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This dissertation studies topics in the areas of empirical corporate finance, banking, and financial intermediation. In the first chapter, entitled Personal Relationships in Loan Renegotiation: Evidence from Corporate Loans, I estimate the effect of personal relationships between a loan officer and a firm on the probability to renegotiate a loan and the outcomes of the renegotiation.
This dissertation presents three essays in financial economics. The essays discuss how market frictions can affect outcomes in the real economy, the returns earned by investors, and the investment decisions made by asset managers. The first essay studies how the liquidity of assets can affect outcomes in the real economy. In particular, it focuses on the life settlement market to show how increased liquidity of life insurance contracts are causally linked to greater life longevity. The second essay studies how inside investments relate to managerial compensation and fund performance.
In the presence of business groups, the expropriation through related party transactions (RPTs) is common and costly to minority shareholders. At the same time, it is well recognized that RPTs can help firms overcome market shortcomings. Using the setting of India's RPT voting rule, I find that a mandatory and binding shareholder voting mechanism helps filter out expropriation. Minority shareholders actively raise their voice against RPT resolutions, resulting in substantial shareholder dissent.
This dissertation examines three topics in law and finance. In Chapter 1, I show that consumers are more likely to keep a repayment promise they make themselves. When a scheduling conflict prevents a borrower from attending a mortgage closing, a Power of Attorney (POA) empowers a third party to sign the documents promising that the borrower will repay the loan. POAs arise after loan terms are locked in, making POA and non-POA loans virtually indistinguishable. Comparing within-borrower and within-property, I link POAs to greater delinquency and foreclosure.
Creativity often involves combining existing ideas and knowledge in novel ways. As such, individuals’ access to diverse information and knowledge via social networks has been considered an important determinant of creativity. In this dissertation, I propose another factor to explain why some individuals are more likely than others to generate creative ideas: their ability to bridge disconnected cultural frames inside their organization.
Both practitioners and scholars have shown interest in initiatives that reduce bias and promote inclusion. Diversity ideologies—or beliefs and practices regarding how to approach group differences in diverse settings—have been studied as one set of strategies to promote racial equality, and argued to be effective for other intergroup relations, as well; however, little work has examined diversity ideologies in the context of gender, giving a limited understanding of their potential to improve gender relations.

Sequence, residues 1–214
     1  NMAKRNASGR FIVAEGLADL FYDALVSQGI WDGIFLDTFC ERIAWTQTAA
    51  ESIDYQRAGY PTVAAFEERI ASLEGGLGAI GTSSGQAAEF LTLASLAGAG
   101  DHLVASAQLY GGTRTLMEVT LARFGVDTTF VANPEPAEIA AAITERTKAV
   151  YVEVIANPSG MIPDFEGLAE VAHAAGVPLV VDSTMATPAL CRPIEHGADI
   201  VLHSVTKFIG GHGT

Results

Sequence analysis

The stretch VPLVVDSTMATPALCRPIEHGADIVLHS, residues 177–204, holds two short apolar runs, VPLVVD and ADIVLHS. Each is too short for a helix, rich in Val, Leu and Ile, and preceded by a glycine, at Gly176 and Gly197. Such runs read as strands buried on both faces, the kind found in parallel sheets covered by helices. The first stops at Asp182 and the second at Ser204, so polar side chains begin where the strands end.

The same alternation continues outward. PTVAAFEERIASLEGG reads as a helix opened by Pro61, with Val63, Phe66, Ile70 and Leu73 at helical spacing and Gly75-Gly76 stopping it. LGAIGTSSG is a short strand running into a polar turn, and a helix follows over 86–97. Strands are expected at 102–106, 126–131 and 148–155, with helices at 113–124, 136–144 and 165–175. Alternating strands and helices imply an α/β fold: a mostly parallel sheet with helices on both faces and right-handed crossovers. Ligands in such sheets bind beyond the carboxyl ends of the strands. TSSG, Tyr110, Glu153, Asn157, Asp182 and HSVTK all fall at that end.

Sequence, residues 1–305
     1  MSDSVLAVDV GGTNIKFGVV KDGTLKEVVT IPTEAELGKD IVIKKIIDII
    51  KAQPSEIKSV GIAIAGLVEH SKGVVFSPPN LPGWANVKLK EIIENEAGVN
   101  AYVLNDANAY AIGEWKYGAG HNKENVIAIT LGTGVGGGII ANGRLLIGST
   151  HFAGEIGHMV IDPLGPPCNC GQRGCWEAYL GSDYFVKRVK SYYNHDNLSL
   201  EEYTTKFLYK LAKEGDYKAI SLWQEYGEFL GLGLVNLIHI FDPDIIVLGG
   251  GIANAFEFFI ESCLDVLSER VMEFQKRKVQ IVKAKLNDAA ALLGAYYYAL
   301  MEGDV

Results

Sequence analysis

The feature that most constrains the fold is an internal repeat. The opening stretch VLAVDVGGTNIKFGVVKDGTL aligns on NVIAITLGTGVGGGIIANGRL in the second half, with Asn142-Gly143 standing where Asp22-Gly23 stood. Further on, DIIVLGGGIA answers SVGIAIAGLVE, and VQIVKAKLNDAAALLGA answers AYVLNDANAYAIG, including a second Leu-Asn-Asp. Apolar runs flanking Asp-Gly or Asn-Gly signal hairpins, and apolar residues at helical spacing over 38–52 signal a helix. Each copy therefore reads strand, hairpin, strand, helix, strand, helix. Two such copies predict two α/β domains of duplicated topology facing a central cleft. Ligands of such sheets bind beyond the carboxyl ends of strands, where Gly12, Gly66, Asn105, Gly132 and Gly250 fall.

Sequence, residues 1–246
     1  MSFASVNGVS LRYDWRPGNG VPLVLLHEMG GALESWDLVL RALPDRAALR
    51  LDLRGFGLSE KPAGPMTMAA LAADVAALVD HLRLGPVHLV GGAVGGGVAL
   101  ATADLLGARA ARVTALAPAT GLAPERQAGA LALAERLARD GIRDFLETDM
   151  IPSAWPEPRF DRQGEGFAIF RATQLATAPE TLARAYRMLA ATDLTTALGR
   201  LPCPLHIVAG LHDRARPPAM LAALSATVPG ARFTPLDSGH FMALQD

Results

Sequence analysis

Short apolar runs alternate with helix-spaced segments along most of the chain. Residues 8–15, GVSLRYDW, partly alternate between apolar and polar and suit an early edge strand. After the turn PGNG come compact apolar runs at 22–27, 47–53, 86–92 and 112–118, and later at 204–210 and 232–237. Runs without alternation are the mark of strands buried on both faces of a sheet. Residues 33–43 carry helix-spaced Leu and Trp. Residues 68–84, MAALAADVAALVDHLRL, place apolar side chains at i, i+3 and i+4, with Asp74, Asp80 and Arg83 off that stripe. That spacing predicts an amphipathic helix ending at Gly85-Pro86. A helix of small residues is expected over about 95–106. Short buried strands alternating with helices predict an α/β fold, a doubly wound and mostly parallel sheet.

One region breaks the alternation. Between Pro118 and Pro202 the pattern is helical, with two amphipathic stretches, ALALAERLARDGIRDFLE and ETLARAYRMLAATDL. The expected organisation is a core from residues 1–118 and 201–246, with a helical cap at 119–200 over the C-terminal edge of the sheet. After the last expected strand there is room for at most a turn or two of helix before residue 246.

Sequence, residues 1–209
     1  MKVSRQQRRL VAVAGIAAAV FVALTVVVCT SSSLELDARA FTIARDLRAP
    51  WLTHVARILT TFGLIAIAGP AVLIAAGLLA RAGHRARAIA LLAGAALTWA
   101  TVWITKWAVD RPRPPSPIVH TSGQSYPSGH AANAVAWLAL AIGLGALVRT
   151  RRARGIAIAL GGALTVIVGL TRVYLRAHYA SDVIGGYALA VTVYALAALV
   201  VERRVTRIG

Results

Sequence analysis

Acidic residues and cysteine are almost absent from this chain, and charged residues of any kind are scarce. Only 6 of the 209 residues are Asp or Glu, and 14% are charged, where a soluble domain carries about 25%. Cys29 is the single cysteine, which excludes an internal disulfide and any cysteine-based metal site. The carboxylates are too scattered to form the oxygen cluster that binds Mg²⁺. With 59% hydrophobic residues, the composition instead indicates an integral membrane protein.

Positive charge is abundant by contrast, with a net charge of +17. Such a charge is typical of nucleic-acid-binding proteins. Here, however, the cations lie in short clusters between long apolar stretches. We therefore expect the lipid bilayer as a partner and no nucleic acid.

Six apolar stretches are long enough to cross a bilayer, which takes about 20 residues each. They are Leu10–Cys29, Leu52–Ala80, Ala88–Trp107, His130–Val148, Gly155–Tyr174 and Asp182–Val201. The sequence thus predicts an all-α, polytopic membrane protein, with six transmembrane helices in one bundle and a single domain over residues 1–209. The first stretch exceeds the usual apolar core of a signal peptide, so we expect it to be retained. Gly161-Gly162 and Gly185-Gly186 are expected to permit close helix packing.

Nowadays consumers can easily access to vast amounts of product information before making a purchase. Yet, limitations on the ability to process information force consumers to make choices regarding the subjects to which they pay more or less attention. In this dissertation, I study how a consumer optimally allocates attention to various product information before making a purchase decision and how a seller should design the marketing strategies taking into account the consumer's attention allocation decision.
This dissertation examines to what extent social comparison is emphasized in performance evaluations of work organizations, how employees react to it, and whether there is an alternative to it. Operationalizing social comparison as an evaluation process that compares an employee’s performance to their coworkers’ performance, Studies 1 and 2 demonstrate that social comparison is emphasized to a stronger extent in collectivistic cultures than in individualistic cultures.
In a world going towards automation, I ask whether salespeople making pricing decisions in a high human interaction environment such as business to business (B2B) retail, could be automated, and under what conditions it would be most beneficial. I propose a hybrid approach to automation that combines the expert salesperson and an artificial intelligence model of the salesperson in making pricing decisions in B2B.
This dissertation focuses on utilizing data-driven approaches to objectively measure variation in the quality of care across different hospitals, understand how physicians make dynamic admission and routing decisions for patients, and propose potential changes in practice to improve the quality of care and patient flow management. This analysis was performed in the context of Intensive Care Units (ICUs) and the Emergency Department (ED).